George Eastman Professor of Management Science and Professor of Statistics
Massachusetts Institute of Technology, Sloan School of Management
Arnold Barnett’s scholarly research on mathematical modeling related to health and safety has brought his academic work before U.S. presidents and media outlets ranging from The New York Times and Wall Street Journal to CNN Opinion and USA Today. What’s more, MIT Sloan students have honored him on 14 different occasions for outstanding teaching.
Barnett is the George Eastman Professor of Management Science and a Professor of Statistics at the Sloan School. His early work on homicide was presented to President Gerald Ford at the White House, and his analysis of U.S. casualties in Vietnam was the subject of a column by William F. Buckley. He received the President’s Award and the Expository Writing Award from INFORMS in 1996 and in 2001 and is a Fellow of INFORMS. Cited as “the nation’s leading expert on aviation safety,” Professor Barnett was recognized with the 2002 President’s Citation from the Flight Safety Foundation for “truly outstanding contributions on behalf of safety.”
Education: BA, Physics, Columbia; PhD, Mathematics, MIT
At current institution since: 1969
List of courses you currently teach: Introduction to Applied Probability; Applied Probability and Stochastic Models; Statistical Consulting
What professional achievement are you most proud of? Becoming a leading authority on aviation safety (The New York Times recently described me as “the dean of aviation safety statistics at MIT” meaning that I am the “dean” in that domain at MIT, not that MIT has a dean in such a specialized area!)
“I knew I wanted to be a business school professor when…” I taught MIT business students, who combine idealism, modesty, and immense analytic skill.
“One word that describes my first time teaching…” Exhilarating
What are you currently researching and what is the most significant discovery you’ve made from it? I research health, safety, and political science. My most striking recent discovery is that an American kid at a US airport is twice as likely to grow up to be President as to perish on the forthcoming flight.
What is your most memorable moment as a professor? When I learned that students had created a Facebook page (“I Heart Arnie Barnett”) and were posting quotes from my lectures.
Since you first started teaching, how has business education changed? The computer and the Internet have moved from near-nonexistence to the underpinning of the curriculum.
“If I weren’t a business school professor, I would be…” a math professor, but I wouldn’t enjoy it as much.
“Here’s what I wish someone would’ve told me about being a professor”: Go easy on humor and anecdotes; you’re there to convey challenging ideas and not to amuse yourself.
Name of the professor you most admire and why: Professor Polykarp Kusch (Physics, Columbia), who taught me the value of putting real-life problems at the center of the pedagogy.
What do you enjoy most about teaching undergraduate business students? Their talent, worldliness, and idealism
What’s the biggest challenge? Making sure that what I teach the students is what they most need to know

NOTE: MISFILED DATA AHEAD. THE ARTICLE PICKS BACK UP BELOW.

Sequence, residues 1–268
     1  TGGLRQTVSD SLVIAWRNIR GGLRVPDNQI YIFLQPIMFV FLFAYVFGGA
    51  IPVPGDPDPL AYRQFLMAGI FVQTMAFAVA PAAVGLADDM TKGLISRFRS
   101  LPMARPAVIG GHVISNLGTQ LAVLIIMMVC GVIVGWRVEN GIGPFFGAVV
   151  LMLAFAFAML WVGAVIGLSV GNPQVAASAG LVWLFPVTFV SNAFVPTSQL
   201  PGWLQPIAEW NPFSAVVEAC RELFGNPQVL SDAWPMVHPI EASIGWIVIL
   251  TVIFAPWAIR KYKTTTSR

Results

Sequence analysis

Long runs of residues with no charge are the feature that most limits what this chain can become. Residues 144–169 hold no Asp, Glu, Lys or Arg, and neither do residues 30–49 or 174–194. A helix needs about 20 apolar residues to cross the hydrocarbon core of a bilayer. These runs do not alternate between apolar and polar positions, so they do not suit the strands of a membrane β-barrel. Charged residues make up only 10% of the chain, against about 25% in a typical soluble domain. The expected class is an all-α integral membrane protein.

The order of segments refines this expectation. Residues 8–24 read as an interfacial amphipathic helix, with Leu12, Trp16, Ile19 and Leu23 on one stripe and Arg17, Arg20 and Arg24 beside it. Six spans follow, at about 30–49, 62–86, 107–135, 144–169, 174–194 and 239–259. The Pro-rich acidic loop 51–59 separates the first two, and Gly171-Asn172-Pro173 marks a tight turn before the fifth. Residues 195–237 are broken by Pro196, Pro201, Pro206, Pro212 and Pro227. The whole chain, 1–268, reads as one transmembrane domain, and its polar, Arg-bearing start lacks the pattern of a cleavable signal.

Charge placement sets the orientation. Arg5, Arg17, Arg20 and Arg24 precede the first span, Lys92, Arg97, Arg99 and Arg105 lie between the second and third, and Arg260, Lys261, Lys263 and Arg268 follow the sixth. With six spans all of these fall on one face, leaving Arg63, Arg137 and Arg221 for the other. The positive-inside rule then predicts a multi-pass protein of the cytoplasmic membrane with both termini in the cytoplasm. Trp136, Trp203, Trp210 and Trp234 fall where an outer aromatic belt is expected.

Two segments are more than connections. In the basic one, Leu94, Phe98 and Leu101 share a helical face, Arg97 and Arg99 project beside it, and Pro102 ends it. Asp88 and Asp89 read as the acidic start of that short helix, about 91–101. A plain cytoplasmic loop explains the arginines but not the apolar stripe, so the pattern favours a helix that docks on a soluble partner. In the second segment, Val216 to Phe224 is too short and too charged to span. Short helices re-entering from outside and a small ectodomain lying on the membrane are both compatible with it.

What is the most impressive thing one of your undergraduate students has done? Become one of the world’s leading bankers at Barclays
What is the least favorite thing one has done? Cheated in my class
Since you’ve been teaching, how have students changed over the years? At MIT, the students have not changed all that much: they are friendly, sophisticated, idealistic, and exceedingly bright.
What does a student need to do to get an A in your class? Show a strong level of mastery of the material. I do not grade on a curve, and would be happy to give all A’s (though that never has happened).
“When it comes to grading, I think students would describe me as …” Generous
If your teaching style/classroom experience had a theme song, what would it be? At the risk of seeming extremely pretentious, I’d say “My Way” by Frank Sinatra. My approach to teaching Probability/Statistics is not conventional, which is why I had to write two textbooks to present it.
Using just one word, describe your favorite type of student: Smart, intellectually curious, and hard-working
Using just one word, describe your least favorite type of student: Cynical and lazy
“If my students can apply Probability and Statistics to real problems with confidence, skill, and even enthusiasm, then I’ve done my job as their professor.”
Fun fact about yourself: I’m a strict vegetarian, which is far more difficult than it might seem and is more demanding than any popular religion.
What are your hobbies? I read voraciously, but do little else that could be called a hobby.
How did you spend your summer? Reading, teaching, and traveling to Ireland, Brazil, and Peru.
Favorite place to vacation: Los Angeles/New York
Favorite book: Any collection of essays by William F. Buckley
Favorite movie and/or television show: Homeland/Mr. Robot/Empire
Favorite type of music and/or favorite artist: Soft Rock, Billy Joel
Bucket list item #1: Visit every country in the world, even if briefly.
What’s the biggest challenge facing business education at the moment? Making sure that the growing prominence of Artificial Intelligence and immense computer power does not erode old-fashioned analytic skills.
“If I had my way, the business school of the future would have much more of this…” Emphasis on an ability to express complex thoughts in simple English.
“And much less of this…” Discussions in which emotion predominates over facts.
Looking ahead 10 years from now, describe what “success” would be like for you: I’m over 70. So my answer is: Staying alive.
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